• by sd4f ( 1891894 )
          Australian plants have, broadly speaking, evolved with fire. Quite a few plant seeds won't germinate or get released unless they've been through a bush fire. After a fire has gone through, the forests tend to grow back rather quickly, within a few years.
  • by Templer421 ( 4988421 ) on Saturday January 20, 2018 @06:11PM (#55968967)

    But not Pontiac.

  • by Anonymous Coward on Saturday January 20, 2018 @06:14PM (#55968973)

    Surely it's time to just give up on Australia. It's the same temperature as the sun, every single creature there wants to either kill you or give you an STD and now even the god damn birds are trying to set the whole country ablaze.

    Maybe it's time to just board up the windows and move to a less murderous country.

    • by Anonymous Coward on Saturday January 20, 2018 @07:49PM (#55969331)

      If the animals are giving you an STD you're doing nature watching wrong.

    • ...Maybe it's time to just board up the windows and move to a less murderous country.

      Oh come on, toughen up and get on with life. It's only ONE more thing to worry about. And it's really trivial compared to the butterflies, for example.

    • by jonwil ( 467024 )

      Unfortunately the rest of the world wants our iron ore, coal, natural gas, gold, wheat, cows, wool, sheep and other exports so we cant leave :)

    • by Anonymous Coward

      Far better than the US, where it's the people who are trying to kill you.

      • Far better than the US, where it's the people who are trying to kill you.

        Oh, we don't just try - we're very good at it, and persistent.

    • Not forgetting bears that will drop from trees and bite you... []
    • by Anonymous Coward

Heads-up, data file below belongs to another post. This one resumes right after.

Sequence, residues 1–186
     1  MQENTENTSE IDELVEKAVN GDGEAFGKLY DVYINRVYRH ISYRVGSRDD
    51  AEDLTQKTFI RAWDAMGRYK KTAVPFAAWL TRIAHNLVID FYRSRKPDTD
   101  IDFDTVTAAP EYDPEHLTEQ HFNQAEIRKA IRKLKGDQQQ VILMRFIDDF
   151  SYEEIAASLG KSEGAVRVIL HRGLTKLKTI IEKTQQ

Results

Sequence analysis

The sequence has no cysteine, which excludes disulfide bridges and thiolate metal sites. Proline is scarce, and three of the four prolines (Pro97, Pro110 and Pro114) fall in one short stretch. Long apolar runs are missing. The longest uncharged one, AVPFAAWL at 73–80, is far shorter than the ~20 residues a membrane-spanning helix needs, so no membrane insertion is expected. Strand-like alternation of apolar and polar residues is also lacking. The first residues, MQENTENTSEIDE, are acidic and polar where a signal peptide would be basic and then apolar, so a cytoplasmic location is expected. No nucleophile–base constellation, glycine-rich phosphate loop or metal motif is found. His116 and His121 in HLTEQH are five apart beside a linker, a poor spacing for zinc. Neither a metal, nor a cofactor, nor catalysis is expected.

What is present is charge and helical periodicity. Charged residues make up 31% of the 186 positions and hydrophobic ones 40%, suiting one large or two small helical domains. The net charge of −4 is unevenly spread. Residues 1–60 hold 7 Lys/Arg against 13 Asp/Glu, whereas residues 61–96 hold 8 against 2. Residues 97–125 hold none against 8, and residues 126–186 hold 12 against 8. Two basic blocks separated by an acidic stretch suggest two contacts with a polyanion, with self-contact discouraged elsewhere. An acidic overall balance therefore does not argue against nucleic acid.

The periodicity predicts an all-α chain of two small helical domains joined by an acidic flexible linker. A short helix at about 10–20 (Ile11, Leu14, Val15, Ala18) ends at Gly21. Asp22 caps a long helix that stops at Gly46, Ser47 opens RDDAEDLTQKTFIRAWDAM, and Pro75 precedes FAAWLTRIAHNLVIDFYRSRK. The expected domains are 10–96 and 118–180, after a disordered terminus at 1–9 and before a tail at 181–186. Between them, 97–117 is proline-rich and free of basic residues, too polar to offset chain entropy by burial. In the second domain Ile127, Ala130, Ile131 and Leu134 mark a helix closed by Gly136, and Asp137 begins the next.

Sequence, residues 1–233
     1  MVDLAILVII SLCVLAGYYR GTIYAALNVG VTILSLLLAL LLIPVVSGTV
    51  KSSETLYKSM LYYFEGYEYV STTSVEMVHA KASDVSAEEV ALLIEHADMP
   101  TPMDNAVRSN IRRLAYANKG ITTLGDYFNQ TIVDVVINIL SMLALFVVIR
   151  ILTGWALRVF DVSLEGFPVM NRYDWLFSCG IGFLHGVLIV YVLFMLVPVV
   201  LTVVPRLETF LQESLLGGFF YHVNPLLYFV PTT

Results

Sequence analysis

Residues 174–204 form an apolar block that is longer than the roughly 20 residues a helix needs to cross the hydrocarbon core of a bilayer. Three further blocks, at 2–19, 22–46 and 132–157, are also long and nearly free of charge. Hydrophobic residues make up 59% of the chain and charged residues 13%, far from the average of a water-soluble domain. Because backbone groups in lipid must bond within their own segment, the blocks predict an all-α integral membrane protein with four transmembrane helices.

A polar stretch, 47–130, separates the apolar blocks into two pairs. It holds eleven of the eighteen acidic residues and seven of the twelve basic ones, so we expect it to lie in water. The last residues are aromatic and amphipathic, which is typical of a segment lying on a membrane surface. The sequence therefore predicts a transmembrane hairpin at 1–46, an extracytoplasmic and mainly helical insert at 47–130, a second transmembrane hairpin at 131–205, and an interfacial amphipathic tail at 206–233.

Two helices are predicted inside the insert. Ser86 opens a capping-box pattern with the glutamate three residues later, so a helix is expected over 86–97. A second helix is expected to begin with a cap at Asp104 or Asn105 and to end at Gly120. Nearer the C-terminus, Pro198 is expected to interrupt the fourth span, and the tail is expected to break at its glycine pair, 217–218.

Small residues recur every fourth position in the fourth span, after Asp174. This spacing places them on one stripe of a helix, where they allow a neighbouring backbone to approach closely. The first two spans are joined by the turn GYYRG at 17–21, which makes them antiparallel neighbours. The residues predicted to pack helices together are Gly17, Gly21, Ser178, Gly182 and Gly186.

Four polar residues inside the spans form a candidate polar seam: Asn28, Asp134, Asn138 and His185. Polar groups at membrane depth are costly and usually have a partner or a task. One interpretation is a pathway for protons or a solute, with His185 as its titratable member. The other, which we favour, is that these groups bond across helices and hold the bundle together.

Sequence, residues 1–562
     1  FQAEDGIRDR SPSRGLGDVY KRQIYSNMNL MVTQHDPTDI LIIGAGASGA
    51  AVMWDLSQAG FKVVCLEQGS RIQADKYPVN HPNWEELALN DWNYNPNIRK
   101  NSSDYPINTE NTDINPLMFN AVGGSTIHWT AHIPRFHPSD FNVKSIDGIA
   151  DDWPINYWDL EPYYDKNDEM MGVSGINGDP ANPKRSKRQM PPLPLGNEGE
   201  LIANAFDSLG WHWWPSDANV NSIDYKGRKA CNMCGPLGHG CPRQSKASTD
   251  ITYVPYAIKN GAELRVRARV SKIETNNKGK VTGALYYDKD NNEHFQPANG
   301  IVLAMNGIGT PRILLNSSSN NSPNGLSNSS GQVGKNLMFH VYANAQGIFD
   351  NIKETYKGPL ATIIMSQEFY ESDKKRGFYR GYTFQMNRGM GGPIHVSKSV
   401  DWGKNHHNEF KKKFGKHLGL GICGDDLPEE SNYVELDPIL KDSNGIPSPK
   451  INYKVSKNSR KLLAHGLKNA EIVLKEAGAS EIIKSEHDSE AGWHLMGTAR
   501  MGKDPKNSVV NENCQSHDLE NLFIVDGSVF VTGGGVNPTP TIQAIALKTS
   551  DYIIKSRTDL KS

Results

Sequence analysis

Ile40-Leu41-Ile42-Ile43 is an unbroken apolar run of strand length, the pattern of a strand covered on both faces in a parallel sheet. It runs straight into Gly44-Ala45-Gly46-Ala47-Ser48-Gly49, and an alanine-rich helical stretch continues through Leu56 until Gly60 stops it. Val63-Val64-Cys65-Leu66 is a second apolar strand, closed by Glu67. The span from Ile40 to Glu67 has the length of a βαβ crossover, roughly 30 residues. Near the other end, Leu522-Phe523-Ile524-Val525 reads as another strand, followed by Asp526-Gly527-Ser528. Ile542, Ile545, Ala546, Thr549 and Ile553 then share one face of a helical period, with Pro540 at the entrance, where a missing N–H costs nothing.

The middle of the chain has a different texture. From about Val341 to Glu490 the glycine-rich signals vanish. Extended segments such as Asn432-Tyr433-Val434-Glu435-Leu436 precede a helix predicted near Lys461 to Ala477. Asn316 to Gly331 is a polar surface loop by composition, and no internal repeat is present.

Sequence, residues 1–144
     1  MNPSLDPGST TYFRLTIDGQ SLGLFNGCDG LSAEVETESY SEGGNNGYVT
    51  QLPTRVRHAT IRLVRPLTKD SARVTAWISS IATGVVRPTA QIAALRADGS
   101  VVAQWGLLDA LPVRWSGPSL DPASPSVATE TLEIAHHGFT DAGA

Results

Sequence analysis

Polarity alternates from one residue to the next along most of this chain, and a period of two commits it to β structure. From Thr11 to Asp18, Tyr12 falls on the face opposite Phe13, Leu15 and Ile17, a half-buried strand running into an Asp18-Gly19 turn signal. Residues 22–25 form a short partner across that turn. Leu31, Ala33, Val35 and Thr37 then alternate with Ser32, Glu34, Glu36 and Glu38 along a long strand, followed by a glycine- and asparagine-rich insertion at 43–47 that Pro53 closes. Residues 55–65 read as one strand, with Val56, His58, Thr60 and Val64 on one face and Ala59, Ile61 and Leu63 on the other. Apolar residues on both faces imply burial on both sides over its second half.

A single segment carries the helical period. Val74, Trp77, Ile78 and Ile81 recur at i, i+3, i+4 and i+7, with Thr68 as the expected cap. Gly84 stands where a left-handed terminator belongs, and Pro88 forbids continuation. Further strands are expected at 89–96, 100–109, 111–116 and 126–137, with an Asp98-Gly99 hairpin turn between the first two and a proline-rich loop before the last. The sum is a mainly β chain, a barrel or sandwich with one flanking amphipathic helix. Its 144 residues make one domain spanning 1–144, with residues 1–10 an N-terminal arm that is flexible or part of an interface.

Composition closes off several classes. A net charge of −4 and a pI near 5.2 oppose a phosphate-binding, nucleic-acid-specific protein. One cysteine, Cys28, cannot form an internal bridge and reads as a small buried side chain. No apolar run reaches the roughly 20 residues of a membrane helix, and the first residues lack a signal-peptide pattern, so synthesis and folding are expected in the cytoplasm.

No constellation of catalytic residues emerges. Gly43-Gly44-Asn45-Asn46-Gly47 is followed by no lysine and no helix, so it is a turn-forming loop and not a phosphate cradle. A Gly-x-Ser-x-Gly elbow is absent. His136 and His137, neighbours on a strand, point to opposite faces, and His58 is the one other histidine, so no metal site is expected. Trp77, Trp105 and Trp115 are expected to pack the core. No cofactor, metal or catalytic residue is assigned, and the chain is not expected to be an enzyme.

Instead of abandoning it can't we still use it for something? E.g. we could use it to store criminals.

    • by Evtim ( 1022085 ) on Sunday January 21, 2018 @02:49AM (#55970489)

      Death held out a hand. I WANT, he said, A BOOK ABOUT THE DANGEROUS CREATURES OF FOURECKS-

      Albert looked up and dived for cover, receiving only mild bruising because he had the foresight to curl into a ball.

      After a while Death, his voice a little muffled, said: ALBERT, I WOULD BE SO GRATEFUL IF YOU COULD GIVE ME A HAND HERE.

      Albert scrambled up and pulled at some of the huge volumes, finally dislodging enough of them for his master to clamber free.

      HMM... Death picked up a book at random and read the cover. "DANGEROUS MAMMALS, REPTILES, AMPHIBIANS, BIRDS, FISH, JELLYFISH, INSECTS, SPIDERS, CRUSTACEANS, GRASSES, TREES, MOSSES, AND LICHENS OF TERROR INCOGNITA, " he read. His gaze moved down the spine. VOLUME 29C, he added. OH. PART THREE, I SEE.


      They waited.


      "No, wait master. Here it comes."

      Albert pointed to something white zigzagging lazily through the air. Finally Death reached up an caught the single sheet of paper.

      He read it carefully and then turned it over briefly just in case anything was written on the other side.

      "May I?" said Albert. Death handed him the paper.

      "'Some of the sheep, '" Albert read aloud. "Oh, well. Maybe a week at the seaside'd be better, then."


  • Firewolves (Score:5, Interesting)

    by Anonymous Coward on Saturday January 20, 2018 @06:42PM (#55969091)